We introduce N-LTP, an open-source neural language technology platform supporting six fundamental Chinese NLP tasks: lexical analysis (Chinese word segmentation, part-of-speech tagging, and named entity recognition), syntactic parsing (dependency parsing), and semantic parsing (semantic dependency parsing and semantic role labeling). Unlike the existing state-of-the-art toolkits, such as Stanza, that adopt an independent model for each task, N-LTP adopts the multi-task framework by using a shared pre-trained model, which has the advantage of capturing the shared knowledge across relevant Chinese tasks. In addition, a knowledge distillation method (Clark et al., 2019) where the single-task model teaches the multi-task model is further introduced to encourage the multi-task model to surpass its single-task teacher. Finally, we provide a collection of easy-to-use APIs and a visualization tool to make users to use and view the processing results more easily and directly. To the best of our knowledge, this is the first toolkit to support six Chinese NLP fundamental tasks. Source code, documentation, and pre-trained models are available at https://github.com/HIT-SCIR/ltp.
We introduce COMBO – a fully neural NLP system for accurate part-of-speech tagging, morphological analysis, lemmatisation, and (enhanced) dependency parsing. It predicts categorical morphosyntactic features whilst also exposes their vector representations, extracted from hidden layers. COMBO is an easy to install Python package with automatically downloadable pre-trained models for over 40 languages. It maintains a balance between efficiency and quality. As it is an end-to-end system and its modules are jointly trained, its training is competitively fast. As its models are optimised for accuracy, they achieve often better prediction quality than SOTA. The COMBO library is available at: https://gitlab.clarin-pl.eu/syntactic-tools/combo.
Timely responses from policy makers to mitigate the impact of the COVID-19 pandemic rely on a comprehensive grasp of events, their causes, and their impacts. These events are reported at such a speed and scale as to be overwhelming. In this paper, we present ExcavatorCovid, a machine reading system that ingests open-source text documents (e.g., news and scientific publications), extracts COVID-19 related events and relations between them, and builds a Temporal and Causal Analysis Graph (TCAG). Excavator will help government agencies alleviate the information overload, understand likely downstream effects of political and economic decisions and events related to the pandemic, and respond in a timely manner to mitigate the impact of COVID-19. We expect the utility of Excavator to outlive the COVID-19 pandemic: analysts and decision makers will be empowered by Excavator to better understand and solve complex problems in the future. A demonstration video is available at https://vimeo.com/528619007.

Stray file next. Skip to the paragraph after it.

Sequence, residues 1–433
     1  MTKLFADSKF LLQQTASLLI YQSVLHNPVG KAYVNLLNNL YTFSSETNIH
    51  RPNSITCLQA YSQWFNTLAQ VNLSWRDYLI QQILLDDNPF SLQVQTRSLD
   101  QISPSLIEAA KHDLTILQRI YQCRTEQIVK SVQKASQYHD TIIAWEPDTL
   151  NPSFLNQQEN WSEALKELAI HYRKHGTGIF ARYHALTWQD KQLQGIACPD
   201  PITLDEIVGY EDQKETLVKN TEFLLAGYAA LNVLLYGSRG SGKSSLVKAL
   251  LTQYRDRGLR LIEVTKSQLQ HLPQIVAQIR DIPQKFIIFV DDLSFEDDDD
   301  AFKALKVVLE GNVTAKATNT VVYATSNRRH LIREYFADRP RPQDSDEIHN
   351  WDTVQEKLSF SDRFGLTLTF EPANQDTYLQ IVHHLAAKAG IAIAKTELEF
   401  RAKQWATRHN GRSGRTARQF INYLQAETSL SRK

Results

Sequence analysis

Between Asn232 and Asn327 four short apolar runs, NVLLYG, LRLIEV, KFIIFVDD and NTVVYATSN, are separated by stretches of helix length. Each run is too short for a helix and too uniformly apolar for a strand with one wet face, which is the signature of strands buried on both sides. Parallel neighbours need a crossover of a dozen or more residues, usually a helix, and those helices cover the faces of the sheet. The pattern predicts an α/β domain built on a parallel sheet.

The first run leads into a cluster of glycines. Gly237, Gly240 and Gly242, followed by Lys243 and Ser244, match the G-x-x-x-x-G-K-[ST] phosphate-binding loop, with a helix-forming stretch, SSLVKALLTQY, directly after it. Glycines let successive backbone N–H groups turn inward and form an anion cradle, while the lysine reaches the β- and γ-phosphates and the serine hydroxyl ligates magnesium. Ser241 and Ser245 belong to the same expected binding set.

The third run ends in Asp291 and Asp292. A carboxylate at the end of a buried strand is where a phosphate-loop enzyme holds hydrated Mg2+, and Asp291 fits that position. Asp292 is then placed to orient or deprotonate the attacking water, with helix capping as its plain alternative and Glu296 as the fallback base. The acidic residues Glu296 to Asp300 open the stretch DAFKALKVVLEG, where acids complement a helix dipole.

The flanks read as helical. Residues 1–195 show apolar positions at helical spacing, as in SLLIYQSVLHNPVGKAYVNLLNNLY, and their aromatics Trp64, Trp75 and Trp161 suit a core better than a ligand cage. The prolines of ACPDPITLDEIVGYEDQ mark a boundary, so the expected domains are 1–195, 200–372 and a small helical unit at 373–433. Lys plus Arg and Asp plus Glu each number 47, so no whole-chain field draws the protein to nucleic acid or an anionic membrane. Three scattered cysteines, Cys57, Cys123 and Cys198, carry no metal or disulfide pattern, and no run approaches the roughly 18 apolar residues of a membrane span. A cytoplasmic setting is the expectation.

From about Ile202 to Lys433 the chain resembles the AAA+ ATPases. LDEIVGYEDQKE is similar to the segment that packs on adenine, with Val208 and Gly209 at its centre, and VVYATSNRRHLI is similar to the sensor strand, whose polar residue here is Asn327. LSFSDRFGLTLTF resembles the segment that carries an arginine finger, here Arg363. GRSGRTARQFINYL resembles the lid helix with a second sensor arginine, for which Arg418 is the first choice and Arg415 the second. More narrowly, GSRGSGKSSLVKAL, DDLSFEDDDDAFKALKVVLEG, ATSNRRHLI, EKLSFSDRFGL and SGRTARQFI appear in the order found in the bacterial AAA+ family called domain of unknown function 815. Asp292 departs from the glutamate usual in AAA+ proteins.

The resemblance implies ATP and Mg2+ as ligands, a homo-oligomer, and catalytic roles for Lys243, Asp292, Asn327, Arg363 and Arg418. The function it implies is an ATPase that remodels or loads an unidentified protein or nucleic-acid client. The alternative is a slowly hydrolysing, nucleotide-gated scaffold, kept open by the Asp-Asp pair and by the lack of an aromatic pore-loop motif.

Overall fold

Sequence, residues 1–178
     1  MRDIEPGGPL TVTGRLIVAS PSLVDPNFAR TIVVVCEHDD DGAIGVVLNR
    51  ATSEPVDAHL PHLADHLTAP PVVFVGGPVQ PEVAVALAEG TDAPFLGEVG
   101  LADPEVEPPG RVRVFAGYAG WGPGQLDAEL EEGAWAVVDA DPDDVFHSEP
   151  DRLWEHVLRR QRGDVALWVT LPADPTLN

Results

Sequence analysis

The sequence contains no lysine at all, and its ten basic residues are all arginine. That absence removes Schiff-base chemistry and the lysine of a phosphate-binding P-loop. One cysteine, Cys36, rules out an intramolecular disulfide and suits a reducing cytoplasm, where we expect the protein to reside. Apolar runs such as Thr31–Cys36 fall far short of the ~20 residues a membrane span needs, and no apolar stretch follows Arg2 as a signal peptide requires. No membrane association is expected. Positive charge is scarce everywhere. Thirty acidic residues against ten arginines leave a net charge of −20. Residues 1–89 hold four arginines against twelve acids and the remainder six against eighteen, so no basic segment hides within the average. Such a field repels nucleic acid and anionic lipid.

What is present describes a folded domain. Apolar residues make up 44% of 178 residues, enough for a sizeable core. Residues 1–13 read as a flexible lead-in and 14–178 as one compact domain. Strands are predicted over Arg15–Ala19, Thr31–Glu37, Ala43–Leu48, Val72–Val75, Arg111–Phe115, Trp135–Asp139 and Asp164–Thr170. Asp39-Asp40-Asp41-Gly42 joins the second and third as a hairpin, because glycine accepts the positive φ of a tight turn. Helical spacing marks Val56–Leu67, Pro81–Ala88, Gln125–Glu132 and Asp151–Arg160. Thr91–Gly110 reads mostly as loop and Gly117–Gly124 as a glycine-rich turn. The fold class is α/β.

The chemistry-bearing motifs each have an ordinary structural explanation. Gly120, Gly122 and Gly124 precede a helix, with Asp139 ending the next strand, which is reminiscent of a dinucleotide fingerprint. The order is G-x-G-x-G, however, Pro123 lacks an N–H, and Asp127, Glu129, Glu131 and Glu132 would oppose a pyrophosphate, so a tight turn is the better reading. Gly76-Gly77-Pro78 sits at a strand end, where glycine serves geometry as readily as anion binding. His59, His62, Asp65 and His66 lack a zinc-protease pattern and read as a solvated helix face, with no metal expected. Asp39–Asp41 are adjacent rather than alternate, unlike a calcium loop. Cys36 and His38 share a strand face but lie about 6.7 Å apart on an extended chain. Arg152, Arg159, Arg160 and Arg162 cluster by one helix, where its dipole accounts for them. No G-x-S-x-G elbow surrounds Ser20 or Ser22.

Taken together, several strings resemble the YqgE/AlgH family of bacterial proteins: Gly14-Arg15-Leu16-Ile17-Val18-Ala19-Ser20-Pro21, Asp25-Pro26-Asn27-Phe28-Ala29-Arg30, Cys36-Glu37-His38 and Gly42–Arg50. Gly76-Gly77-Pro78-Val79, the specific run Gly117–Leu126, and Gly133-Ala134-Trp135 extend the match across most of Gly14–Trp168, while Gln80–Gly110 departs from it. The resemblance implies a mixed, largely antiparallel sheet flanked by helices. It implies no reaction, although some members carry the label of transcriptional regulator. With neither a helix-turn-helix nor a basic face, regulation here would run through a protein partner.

Warning: This manuscript contains a certain level of offensive expression. As communication through social media platforms has grown immensely, the increasing prevalence of offensive language online has become a critical problem. Notably in Korea, one of the countries with the highest Internet usage, automatic detection of offensive expressions has recently been brought to attention. However, morphological richness and complex syntax of Korean causes difficulties in neural model training. Furthermore, most of previous studies mainly focus on the detection of abusive language, disregarding implicit offensiveness and underestimating a different degree of intensity. To tackle these problems, we present KOAS, a system that fully exploits both contextual and linguistic features and estimates an offensiveness score for a text. We carefully designed KOAS with a multi-task learning framework and constructed a Korean dataset for offensive analysis from various domains. Refer for a detailed demonstration.
We present RepGraph, an open source visualisation and analysis tool for meaning representation graphs. Graph-based meaning representations provide rich semantic annotations, but visualising them clearly is more challenging than for fully lexicalized representations. Our application provides a seamless, unifying interface with which to visualise, manipulate and analyse semantically parsed graph data represented in a JSON-based serialisation format. RepGraph visualises graphs in multiple formats, with an emphasis on showing the relation between nodes and their corresponding token spans, whilst keeping the representation compact. Additionally, the web-based tool provides NLP researchers with a clear, visually intuitive way of interacting with these graphs, and includes a number of graph analysis features. The tool currently supports the DMRS, EDS, PTG, UCCA, and AMR semantic frameworks. A live demo is available at https://repgraph.vercel.app/.